Curtis Lee Mayfield was an exemplary soul, R&B and funk singer, multi-instrumentalist, songwriter and record producer. Many across the globe most recognize him for writing, producing and singing on the soundtrack for Super Fly, a classic Blaxploitation film in which he appears. The soundtrack is one of the first to generate more revenue than its corresponding film. Mayfield’s extraordinary life and legacy earned him the Grammy Legend Award in 1994 and the Grammy Lifetime Achievement Award in 1995. He’s a double inductee into The Rock and Roll Hall of Fame, inducted as a member of The Impressions in 1991 and as a solo artist in 1999. Mayfield is also a double inductee into the Grammy Hall of Fame.
He’s one of the first mainstream R&B singers and composers to incorporate critical social commentary into their oeuvre. This injection of erudite social critique into his work is known as “message music.” His predilection for message music has provenances in the gospel music and black preachers he heard as a child. The astute listener of Mayfield’s music is able to vividly recognize the substantial influence of gospel music in his soul-structured work. His most ostensible embracement of gospel music was realized on Curtis Mayfield and The Impressions’ performance of “Amen” (1963), a restructured version of an old gospel song, from the soundtrack of the film Lilies of the Field (1963).
Mayfield dropped out of high school early to become lead singer and songwriter for The Impressions. With Mayfield as lead singer, The Impressions flourished, reaching the zenith of its popularity in the mid-to-late 1960s. During this period, some of the songs that were widely popular were “Keep on Pushing,” “People Get Ready,” “It’s All Right,” “Talking about My Baby,” “Woman’s Got Soul,” “Choice of Colors,” “Fool for You,” “This is My Country” and “Check Out Your Mind.” With some of these songs and others, Mayfield functioned as one of the chief lyrical voices of the Civil Rights Movement. “Keep on Pushing” and “Move On Up” were employed as anthems by Dr. Martin Luther King, Jr. because of the powerful critiques of the social and political conditions black people experienced during The Civil Rights Movement, and his “We’re a Winner” (1967) became an anthem of the Black Power Movement.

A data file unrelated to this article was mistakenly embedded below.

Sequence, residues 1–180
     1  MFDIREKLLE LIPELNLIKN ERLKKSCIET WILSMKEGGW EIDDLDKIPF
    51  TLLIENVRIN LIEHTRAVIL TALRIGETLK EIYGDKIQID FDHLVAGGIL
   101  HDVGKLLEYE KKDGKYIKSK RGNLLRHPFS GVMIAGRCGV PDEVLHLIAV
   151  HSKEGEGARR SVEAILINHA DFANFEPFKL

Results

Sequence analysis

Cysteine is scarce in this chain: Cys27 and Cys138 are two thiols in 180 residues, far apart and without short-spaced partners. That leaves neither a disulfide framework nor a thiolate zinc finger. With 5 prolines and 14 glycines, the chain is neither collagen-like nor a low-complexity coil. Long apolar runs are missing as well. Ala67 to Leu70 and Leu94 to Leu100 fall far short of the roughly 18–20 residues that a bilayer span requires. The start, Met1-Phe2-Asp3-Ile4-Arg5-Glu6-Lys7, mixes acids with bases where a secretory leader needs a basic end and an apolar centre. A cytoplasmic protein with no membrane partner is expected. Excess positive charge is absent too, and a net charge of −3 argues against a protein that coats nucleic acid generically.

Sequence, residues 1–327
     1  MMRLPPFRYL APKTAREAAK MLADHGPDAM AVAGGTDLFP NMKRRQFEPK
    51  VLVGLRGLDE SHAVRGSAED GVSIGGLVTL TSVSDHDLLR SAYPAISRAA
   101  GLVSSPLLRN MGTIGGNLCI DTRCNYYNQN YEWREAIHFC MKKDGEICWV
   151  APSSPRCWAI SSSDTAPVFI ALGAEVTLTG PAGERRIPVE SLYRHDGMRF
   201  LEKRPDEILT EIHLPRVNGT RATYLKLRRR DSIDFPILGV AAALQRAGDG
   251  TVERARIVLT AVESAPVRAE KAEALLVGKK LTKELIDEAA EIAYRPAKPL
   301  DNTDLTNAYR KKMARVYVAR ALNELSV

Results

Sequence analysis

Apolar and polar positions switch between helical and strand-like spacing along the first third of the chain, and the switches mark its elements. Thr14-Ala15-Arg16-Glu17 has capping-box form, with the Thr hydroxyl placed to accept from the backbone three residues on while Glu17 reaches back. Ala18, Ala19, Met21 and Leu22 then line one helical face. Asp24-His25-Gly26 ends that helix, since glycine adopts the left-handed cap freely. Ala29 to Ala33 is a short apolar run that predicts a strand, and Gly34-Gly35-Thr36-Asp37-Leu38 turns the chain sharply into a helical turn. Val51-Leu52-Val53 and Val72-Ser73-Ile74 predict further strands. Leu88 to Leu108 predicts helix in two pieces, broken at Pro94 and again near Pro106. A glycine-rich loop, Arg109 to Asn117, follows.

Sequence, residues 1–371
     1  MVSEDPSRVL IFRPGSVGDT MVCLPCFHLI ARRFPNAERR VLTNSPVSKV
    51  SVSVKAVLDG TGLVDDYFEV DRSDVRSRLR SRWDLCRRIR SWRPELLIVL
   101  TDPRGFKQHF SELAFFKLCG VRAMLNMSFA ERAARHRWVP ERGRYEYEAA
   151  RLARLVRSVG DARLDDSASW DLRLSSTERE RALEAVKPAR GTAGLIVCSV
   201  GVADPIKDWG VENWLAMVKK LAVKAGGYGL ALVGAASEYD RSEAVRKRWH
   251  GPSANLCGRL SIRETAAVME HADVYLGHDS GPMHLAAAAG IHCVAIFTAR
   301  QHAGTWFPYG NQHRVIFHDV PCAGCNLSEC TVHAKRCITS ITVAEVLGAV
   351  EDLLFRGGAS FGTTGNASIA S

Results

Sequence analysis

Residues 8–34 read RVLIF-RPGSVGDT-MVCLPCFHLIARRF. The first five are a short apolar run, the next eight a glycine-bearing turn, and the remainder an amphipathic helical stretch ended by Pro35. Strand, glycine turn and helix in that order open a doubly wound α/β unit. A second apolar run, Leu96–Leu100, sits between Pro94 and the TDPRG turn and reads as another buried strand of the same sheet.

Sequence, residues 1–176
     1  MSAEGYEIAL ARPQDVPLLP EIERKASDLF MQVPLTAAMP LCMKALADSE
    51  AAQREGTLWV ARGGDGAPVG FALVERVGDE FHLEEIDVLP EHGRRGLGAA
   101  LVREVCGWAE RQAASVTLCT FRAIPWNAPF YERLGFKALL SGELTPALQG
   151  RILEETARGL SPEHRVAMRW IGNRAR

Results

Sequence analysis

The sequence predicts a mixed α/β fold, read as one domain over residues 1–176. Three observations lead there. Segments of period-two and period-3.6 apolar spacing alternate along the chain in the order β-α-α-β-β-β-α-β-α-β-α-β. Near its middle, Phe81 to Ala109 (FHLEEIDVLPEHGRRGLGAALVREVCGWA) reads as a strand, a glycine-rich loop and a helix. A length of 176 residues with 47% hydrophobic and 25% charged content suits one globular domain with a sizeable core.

In “Keep on Pushing,” he encouraged black people to muster the courage to have hope in the face of great oppression. “Freddie’s Dead” warns black people situated in the ghetto about the dangers of drugs and how they have severely damaged numerous black people. In general, Mayfield’s music was tremendously inspirational for the Black Power Movement because it candidly critiqued racism, passionately advocated black pride and embraced Marxist economics. Through his message music, Curtis Mayfield became one of the founding voices of the Black Power Movement, helping to define and shape it. He used his music as a vehicle to champion racial and social justice, fight inequality, marshal black people to political action and instigate national social and political change. Although his music is controversial, it cannot be prudently charged with lacking substance, as many lament about today’s music.
–Antonio Maurice Daniels
Antonio Maurice Daniels is a Research Associate and Ph.D. student in Education at the University of Wisconsin-Madison. He blogs regularly for his cultural commentary blog, Revolutionary Paideia. His works have been featured widely in academic and popular online publications, including Mused Magazine, Up 4 Discussion, From Ashy to Classy, The Black Man Can, Healthy Black Men Magazine and etc. Follow him on Twitter at @paideiarebel.